- Your privacy is your privacy. You have every right to defend against privacy intruders and to insist your privacy be respected.
- Don't give more information than necessary, which is often less than asked for. Companies and governments often sell data about you. Always look for options that restrict their use of your information. Ask what personal information will be databased and used.
- Supermarket scan cards, for example, might get you special sale prices and pre-approve your check, but your purchasing history and banking information might be sold to others.
- Be extra careful with your social security number. In the wrong hands, it can be used by someone to impersonate you in order to steal from your accounts or to steal from others in your name.
- Guard your financial account numbers. Only provide your credit card, charge card, debit card, calling card or bank account number if you're using that account to pay for a purchase or you're applying for credit. In New York, it's not legal for a merchant to write your credit card number on your personal check.
- Discuss privacy concerns with your children and other household members. Everyone should understand what you feel is and is not appropriate to reveal on the phone, using a computer, or other situations. Screen your calls. Use an answering machine to listen to a caller and decide whether you want to pick up. The extra cost service Call ID, might display the account name and number of the phone used to call you, but it can't identify a specific caller.
- Keep your phone number private. You can block others from using Call ID to see your name and the number you're calling from, but blocking doesn't work with "toll-free" numbers. You can pay for an unlisted or unpublished phone number, which might reduce calls from strangers but won't stop telemarketers using sequential dialing or who got your number from another source.
- Don't allow your credit record to be checked except for legitimate reasons. With your consent, a lender or employer can check your credit record. But, it's illegal for a business to check your record unless you've requested assistance in obtaining financing. Too many inquiries can hurt your credit rating by making it appear that you are trying desperately to get credit.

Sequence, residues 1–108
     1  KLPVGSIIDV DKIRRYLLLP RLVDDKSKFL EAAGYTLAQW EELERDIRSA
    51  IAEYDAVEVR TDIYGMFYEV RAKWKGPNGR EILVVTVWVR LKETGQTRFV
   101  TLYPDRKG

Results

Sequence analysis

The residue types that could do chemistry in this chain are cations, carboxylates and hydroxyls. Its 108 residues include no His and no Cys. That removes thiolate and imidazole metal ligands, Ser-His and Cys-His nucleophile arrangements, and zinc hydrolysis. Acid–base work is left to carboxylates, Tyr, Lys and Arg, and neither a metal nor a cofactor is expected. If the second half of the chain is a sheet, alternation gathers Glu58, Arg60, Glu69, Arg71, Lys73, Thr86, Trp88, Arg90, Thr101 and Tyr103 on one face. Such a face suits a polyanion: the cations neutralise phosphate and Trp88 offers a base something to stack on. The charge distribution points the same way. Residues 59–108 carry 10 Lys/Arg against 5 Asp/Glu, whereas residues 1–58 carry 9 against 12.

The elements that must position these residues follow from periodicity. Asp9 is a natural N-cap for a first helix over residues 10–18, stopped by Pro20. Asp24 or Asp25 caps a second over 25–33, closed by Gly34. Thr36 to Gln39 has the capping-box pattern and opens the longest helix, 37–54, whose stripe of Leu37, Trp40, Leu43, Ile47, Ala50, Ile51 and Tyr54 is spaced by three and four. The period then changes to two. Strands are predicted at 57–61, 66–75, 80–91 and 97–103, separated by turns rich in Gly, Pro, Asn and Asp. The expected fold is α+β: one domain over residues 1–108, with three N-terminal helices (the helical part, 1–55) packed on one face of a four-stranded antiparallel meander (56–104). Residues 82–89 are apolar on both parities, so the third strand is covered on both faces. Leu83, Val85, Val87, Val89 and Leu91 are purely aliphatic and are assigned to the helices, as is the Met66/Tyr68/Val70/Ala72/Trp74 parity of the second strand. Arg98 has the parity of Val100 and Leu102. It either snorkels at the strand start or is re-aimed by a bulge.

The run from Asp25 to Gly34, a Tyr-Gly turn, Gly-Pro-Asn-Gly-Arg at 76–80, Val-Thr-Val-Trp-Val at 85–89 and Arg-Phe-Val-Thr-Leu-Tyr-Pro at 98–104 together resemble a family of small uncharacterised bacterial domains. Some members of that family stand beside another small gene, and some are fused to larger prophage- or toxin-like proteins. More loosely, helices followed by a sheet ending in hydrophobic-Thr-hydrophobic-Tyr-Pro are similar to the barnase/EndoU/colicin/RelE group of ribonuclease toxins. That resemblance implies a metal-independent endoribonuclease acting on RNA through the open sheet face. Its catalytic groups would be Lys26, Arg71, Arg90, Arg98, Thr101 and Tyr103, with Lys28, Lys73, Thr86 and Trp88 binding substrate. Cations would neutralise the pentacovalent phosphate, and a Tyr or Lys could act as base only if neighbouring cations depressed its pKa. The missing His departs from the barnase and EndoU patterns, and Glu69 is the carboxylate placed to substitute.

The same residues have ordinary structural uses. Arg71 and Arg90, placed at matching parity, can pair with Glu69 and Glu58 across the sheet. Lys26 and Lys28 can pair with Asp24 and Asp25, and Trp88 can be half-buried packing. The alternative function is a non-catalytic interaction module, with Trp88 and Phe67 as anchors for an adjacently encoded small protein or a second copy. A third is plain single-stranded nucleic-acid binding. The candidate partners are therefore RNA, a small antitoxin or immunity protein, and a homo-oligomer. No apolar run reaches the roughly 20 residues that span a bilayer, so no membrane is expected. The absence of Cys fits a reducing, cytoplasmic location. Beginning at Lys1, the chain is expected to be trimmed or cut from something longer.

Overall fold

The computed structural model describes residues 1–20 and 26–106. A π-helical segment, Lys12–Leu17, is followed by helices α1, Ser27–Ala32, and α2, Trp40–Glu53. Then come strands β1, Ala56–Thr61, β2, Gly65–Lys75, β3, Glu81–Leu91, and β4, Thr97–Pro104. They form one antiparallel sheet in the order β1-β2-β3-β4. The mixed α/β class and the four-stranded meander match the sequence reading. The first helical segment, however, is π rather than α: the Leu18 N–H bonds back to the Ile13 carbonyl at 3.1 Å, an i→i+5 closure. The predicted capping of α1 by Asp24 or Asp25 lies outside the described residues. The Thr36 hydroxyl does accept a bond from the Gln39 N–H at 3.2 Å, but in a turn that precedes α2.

- Check the Medical Information Bureau to see if they have a file on you and if the information is accurate. Misinformation could result in higher insurance premiums, denial of benefits, or an inability to obtain insurance coverage. To get a copy of your file, write to the MIB, PO Box 105, Essex Station, Boston, MA 02112; or call the MIB at (617) 426-3660.
Special Tips For Computer Users
- Never give anyone your computer password. Scammers may try to trick you into giving your password by pretending to be your online or Internet service provider to gain access, at your expense. Your service provider already has your password, and no one else should need it.
- Beware of "cookies" on the Internet. A web site can put a spy file, called a cookie, on the hard drive of your computer to track your activities on its own and other sites. You can usually set your browser software to reject cookies.
- Before providing financial information online, make sure it's safe. If you are providing your credit card or other account number by computer to make a purchase, check to see that the company uses a secure system so that the information cannot be intercepted by someone else.
- Maybe you don't want telemarketing calls or junk mail If personal information about you is inaccurately reported or misused, you could be treated unfairly, or even become a victim of crime. In some cases you have privacy rights, but many situations aren't covered by law.
- As a consumer, you benefit when information about you is used to approve a credit application, notify you about a sale at your favorite store, stock the supermarket shelves with more of your favorite products, or improve customer service where you shop. Still, we believe control over your personal information should be yours.
- By doing business with companies whose business practices respect your right to privacy, you can protect yourself and use your purchasing power to help promote good privacy policies.